Leni Pfeiffer, at the age of forty-eight, seems in serious financial and personal difficulty. Her son is in jail, she is unemployed, and bailiffs have seized many of her possessions. In addition, she is harassed daily by neighbors who call her bitch, slut, or Communist whore. The author learns this while writing a “portrait” of Leni. Because she is both taciturn and reticent, however, he is forced to obtain his information from interviews with as many informants as possible. These range from her loyal friends, such as Margret Schlomer and Lotte Hoyser, to a nun in Rome who knows of Leni only through gossip and records.
Leni’s educational career has been disastrous, primarily because most subjects are presented in a way that neglects a sensual dimension. Her only successes come when, from the age of fourteen to sixteen, she attends a convent boarding school and meets Sister Rahel, who understands Leni’s type of intelligence and respects her instinctive appreciation of nature and of the entire body, including its waste, secretions, and internal organs.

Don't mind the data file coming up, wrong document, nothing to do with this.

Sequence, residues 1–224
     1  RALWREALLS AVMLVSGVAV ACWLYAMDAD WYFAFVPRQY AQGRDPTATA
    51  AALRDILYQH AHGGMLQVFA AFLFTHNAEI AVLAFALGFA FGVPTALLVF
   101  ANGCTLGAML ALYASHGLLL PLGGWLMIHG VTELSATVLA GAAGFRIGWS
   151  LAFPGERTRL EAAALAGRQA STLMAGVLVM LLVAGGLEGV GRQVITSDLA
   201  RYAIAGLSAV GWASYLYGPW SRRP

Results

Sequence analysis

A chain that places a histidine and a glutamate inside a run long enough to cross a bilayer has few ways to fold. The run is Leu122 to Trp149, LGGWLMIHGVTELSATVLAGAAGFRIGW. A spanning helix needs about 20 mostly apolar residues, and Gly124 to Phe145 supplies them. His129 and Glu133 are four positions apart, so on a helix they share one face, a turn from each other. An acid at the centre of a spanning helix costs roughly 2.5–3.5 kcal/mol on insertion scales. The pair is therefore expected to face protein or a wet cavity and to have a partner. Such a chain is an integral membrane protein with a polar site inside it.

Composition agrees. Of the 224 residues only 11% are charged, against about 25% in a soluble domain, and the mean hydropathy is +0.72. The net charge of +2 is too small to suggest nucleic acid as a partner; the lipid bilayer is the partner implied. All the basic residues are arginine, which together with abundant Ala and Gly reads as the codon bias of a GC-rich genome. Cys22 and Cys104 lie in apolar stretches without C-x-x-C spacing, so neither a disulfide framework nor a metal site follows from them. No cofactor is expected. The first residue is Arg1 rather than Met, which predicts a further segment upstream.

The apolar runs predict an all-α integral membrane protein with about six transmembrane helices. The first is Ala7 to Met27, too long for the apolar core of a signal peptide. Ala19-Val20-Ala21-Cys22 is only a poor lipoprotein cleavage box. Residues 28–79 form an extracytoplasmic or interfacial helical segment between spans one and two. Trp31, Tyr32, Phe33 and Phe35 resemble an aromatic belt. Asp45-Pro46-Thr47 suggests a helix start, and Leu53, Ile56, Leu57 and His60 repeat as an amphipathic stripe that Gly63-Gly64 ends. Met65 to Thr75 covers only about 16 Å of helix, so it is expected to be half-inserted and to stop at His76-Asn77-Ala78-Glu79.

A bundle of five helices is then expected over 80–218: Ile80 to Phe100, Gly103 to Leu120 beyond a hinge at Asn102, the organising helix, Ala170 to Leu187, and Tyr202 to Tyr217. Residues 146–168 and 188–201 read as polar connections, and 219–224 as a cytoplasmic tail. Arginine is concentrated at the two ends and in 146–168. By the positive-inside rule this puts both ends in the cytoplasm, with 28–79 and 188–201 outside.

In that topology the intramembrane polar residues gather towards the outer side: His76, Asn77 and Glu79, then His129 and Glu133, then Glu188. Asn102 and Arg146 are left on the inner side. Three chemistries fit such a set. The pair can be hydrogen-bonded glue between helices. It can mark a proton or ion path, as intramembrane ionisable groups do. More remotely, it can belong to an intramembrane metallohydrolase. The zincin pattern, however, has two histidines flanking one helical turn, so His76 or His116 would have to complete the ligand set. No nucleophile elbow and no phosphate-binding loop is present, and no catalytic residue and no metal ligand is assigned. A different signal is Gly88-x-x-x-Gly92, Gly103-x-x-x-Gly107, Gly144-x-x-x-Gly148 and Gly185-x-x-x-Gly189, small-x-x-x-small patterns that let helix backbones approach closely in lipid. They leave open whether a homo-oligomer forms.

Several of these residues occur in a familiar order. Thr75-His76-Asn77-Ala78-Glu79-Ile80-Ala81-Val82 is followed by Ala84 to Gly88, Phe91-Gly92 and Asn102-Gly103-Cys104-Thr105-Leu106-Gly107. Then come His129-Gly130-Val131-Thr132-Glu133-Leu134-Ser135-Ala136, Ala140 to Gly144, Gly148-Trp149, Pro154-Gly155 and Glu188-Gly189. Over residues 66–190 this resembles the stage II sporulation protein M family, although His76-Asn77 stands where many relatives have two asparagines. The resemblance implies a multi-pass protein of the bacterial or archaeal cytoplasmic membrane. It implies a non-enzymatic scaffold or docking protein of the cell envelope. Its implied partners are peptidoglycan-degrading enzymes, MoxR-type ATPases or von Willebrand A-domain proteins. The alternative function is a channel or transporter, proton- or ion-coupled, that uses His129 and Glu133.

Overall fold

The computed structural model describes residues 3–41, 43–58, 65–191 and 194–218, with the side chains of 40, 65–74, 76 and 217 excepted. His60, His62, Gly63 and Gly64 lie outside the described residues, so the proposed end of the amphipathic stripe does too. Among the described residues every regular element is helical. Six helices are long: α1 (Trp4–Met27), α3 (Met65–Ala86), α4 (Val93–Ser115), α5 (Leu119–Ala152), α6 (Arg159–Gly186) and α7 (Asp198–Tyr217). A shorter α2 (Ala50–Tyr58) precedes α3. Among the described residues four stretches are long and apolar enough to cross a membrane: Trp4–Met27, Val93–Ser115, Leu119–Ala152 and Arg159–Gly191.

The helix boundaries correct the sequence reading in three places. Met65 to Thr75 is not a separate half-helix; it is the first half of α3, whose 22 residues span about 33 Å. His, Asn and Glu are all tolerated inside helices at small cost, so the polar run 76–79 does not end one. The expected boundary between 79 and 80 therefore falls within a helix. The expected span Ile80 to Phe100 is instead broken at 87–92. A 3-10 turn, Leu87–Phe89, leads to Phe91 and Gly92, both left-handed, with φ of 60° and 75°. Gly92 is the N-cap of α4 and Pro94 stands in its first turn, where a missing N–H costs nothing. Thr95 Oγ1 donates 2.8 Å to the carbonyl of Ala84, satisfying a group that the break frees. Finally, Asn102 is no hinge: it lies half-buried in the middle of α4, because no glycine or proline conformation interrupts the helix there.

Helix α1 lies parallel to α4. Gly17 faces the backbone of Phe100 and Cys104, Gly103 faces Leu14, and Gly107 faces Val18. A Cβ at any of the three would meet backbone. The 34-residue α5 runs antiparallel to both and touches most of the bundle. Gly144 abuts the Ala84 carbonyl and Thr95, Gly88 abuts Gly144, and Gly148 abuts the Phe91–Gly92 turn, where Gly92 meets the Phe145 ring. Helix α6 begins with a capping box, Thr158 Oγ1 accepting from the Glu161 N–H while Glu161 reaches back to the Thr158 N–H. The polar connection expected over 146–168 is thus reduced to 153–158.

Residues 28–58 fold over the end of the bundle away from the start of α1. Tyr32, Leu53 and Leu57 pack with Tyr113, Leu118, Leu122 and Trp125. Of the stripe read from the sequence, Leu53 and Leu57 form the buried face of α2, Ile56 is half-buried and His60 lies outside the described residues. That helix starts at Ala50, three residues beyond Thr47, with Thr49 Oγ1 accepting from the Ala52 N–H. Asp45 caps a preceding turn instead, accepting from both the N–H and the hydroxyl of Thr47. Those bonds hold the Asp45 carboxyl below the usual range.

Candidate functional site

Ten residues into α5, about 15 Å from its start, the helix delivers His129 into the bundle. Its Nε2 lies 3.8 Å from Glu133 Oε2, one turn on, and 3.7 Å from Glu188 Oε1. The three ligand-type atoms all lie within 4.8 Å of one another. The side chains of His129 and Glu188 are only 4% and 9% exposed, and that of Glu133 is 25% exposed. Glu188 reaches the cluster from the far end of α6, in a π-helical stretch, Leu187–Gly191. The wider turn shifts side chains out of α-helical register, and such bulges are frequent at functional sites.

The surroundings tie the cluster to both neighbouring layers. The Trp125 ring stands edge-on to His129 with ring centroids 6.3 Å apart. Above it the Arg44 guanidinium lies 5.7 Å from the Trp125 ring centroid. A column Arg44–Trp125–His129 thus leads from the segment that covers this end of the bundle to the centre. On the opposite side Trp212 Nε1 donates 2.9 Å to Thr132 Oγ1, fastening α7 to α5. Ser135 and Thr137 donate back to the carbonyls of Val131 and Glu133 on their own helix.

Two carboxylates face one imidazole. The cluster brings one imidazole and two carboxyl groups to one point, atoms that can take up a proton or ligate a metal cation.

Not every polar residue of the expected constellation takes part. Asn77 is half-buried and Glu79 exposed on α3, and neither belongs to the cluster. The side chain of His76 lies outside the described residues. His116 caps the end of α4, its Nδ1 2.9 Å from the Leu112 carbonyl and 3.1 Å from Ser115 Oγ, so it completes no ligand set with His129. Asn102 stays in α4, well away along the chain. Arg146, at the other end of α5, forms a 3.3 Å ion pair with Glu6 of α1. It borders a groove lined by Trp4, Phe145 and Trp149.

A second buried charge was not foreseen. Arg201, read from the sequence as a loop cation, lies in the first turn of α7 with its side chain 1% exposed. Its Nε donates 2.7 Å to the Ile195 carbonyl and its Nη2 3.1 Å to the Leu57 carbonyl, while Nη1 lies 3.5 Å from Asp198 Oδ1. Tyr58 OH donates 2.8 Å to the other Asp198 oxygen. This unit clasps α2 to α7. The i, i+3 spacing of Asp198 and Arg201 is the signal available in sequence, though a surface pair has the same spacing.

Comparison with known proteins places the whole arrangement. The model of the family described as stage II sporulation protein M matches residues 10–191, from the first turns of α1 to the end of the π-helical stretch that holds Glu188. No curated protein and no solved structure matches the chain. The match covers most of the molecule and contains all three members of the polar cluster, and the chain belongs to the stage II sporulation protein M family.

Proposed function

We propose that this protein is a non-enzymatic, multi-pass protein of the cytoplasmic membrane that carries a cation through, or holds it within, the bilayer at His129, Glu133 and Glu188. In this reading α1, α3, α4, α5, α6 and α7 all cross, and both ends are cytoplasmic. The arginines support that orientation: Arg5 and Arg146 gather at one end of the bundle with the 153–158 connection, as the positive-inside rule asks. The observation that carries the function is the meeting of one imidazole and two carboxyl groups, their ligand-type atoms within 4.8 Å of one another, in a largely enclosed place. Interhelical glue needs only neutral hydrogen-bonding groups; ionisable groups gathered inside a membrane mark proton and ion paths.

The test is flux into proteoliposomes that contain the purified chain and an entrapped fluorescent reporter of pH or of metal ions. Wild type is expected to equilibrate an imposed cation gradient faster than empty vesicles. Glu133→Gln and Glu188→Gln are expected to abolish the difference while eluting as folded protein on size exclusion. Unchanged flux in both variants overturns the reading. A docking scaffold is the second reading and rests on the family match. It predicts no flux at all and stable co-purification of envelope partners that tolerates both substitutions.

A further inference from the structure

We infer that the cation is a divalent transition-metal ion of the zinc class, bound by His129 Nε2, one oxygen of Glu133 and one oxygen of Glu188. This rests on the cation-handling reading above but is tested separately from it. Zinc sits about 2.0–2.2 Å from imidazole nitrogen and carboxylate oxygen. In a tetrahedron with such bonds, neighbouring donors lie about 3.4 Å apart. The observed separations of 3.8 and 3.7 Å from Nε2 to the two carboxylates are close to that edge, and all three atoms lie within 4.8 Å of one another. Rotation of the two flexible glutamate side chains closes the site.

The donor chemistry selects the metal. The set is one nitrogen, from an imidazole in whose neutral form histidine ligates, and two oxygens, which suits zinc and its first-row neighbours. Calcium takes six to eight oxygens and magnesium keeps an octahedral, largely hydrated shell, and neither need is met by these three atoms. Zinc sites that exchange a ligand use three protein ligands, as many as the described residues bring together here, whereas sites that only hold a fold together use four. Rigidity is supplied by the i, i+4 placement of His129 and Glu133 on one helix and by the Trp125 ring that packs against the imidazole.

In 1939, her brother, Heinrich, returns from school. The homecoming is troubled because Heinrich scorns his father’s attempts to keep him out of the military and he refuses to be spared when others are not. In defiance, Heinrich joins the army, together with his cousin Erhard. Leni loves Erhard, but he is too shy to consummate their relationship, sublimating his feelings in passionate poetry. In 1940, Heinrich and Erhard are sent to Denmark, where they offer an antiaircraft cannon to the Danes for its value as scrap metal. At the trial, Erhard says, “We are dying for an honorable profession, for the arms trade.” Just before they are executed, Heinrich cries, “Shit on Germany.”
(The entire section is 725 words.)